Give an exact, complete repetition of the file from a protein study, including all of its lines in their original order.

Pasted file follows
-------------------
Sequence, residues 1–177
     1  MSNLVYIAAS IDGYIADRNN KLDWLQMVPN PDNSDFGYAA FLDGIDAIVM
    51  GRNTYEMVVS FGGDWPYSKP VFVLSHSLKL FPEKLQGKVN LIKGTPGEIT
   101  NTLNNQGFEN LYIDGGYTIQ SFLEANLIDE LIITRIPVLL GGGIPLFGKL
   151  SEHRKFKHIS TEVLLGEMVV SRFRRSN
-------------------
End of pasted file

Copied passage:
Sequence, residues 1–177
     1  MSNLVYIAAS IDGYIADRNN KLDWLQMVPN PDNSDFGYAA FLDGIDAIVM
    51  GRNTYEMVVS FGGDWPYSKP VFVLSHSLKL FPEKLQGKVN LIKGTPGEIT
   101  NTLNNQGFEN LYIDGGYTIQ SFLEANLIDE LIITRIPVLL GGGIPLFGKL
   151  SEHRKFKHIS TEVLLGEMVV SRFRRSN